Far be it from me to suggest that a cunning plan by Oliver Letwin might be missing its goal while producing harmful unintended consequences. But given the radical constitutional innovation involved, and the high stakes of the issue at hand, it’s worth taking a look at how it’s going so far.
We were told that this seizure of governmental powers by the Prime Minister In All But Name was carried out in order to pursue a specific objective: to find consensus in Parliament on a way forward. Either it would do so positively, by getting people behind a proposal, or negatively, by startling people into backing the Prime Minister’s proposed deal.
You might buy that, or you might wonder if at least some of those supporting it were actually out to obstruct Brexit entirely, but let’s take it on its own merits. How is that consensus going?
Well, evidently it hasn’t thus far produced agreement on any of the 17 (or more) alternatives considered under this regime, because all those which have been put to a vote have been defeated.
Worse, there are some signs that actually positions are hardening, on all sides of the House. On the Leave side, while some MPs have swung behind the Government’s position – however resentfully – we saw Richard Drax withdraw his support for the Withdrawal Agreement yesterday, and Steve Baker publicly confessed and renounced his own wobble towards the deal. Consensus drifts further away, not closer.
Nick Boles would describe himself as a soft Brexit advocate (though his critics argue his plan would amount to Remaining, intentionally or not). Nonetheless, two defeats for his “Common Market 2.0” proposal in the Letwin process have driven him first to threaten to start opposing May’s deal, and to quit his party outright. Another gust catches the sails and propels consensus out to sea.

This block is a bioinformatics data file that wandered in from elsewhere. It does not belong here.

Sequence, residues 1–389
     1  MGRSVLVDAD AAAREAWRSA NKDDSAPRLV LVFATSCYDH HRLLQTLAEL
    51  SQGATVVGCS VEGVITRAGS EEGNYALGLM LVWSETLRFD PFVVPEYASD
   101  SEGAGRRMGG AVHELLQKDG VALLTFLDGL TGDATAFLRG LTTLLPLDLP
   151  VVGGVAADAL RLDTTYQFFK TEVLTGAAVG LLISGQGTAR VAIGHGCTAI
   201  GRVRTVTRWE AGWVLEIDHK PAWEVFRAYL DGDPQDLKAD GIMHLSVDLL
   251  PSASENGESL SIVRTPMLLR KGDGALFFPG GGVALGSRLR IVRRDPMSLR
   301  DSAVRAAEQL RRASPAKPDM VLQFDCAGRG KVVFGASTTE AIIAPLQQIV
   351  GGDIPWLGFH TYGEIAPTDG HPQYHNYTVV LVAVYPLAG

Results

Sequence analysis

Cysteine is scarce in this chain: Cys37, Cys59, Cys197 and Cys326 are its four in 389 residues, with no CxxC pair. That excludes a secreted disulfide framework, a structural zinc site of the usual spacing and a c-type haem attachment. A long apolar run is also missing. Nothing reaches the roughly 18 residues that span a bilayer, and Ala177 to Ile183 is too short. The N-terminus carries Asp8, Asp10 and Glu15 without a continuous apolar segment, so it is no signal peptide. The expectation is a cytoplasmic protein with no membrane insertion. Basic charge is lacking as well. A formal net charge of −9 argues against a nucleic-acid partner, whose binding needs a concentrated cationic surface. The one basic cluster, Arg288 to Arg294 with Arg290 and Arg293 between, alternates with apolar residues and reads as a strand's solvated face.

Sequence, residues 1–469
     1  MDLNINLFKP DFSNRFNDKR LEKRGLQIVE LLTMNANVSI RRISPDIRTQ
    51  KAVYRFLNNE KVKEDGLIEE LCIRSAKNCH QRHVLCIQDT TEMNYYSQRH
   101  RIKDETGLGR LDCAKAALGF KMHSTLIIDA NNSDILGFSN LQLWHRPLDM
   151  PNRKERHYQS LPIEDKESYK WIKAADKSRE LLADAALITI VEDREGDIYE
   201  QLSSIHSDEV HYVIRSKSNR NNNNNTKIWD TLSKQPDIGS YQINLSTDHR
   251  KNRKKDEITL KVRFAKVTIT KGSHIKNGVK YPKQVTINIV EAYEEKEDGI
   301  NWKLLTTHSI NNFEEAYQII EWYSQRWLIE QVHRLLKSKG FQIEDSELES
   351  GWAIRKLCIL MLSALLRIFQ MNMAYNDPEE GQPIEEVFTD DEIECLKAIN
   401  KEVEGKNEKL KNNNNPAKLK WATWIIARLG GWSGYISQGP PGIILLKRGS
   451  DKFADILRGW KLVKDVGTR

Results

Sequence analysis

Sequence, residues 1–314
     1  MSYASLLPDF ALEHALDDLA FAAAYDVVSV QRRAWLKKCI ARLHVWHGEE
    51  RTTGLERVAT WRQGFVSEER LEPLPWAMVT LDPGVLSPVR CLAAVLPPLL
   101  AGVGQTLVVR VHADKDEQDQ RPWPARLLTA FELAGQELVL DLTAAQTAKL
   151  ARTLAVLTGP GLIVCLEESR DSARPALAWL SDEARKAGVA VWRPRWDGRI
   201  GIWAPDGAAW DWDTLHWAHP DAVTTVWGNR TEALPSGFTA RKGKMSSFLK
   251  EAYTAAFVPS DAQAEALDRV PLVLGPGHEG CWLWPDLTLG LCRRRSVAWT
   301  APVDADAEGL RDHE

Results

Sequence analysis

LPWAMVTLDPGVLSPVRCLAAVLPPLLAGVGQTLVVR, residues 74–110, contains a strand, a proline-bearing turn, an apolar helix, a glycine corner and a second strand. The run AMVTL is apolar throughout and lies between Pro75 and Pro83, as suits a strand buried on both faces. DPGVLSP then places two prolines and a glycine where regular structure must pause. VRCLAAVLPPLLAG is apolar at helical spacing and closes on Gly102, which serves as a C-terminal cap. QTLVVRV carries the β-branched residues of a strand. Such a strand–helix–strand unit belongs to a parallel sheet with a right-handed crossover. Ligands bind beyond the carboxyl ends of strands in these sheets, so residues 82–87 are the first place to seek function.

On the Remain side of things, consensus is falling apart even within their position, never mind across the gaps between them and the Leave side of the House. Advocates of a second referendum – including TIG MPs, the Lib Dems and a chunk of the Labour Party – opted to vote against Ken Clarke’s customs union motion last night, and 33 pro-second referendum MPs abstained on Boles’s proposal. Recriminations have broken out; Stephen Kinnock lamented that while he had lent his support to a second referendum, the advocates of that approach had failed to reciprocate when it came to Common Market 2.0. The second referendum enthusiasts insisted that Boles and Clarke should add a second referendum onto their plans – an idea Clarke rejected on the grounds it would lose the support of other MPs.
In other words, all the demands for people to compromise seem to translate as everyone else compromising what they want to fulfil the wishes of whomsoever happens to be speaking at the time. The crusade for consensus enjoys extraordinary new processes, the arbitrary backing of a Remain Speaker, and an evidently quite anti-Brexit Commons overall, and yet the mood is becoming more fractious, not less. Remain MPs appear to be balkanising into angry subdivisions.
Might there be any other sources of agreement? Well, there’s a notable uptick in mentions of the only plan, aside from Article 50 itself, to have secured a majority in this whole process: the Brady amendment…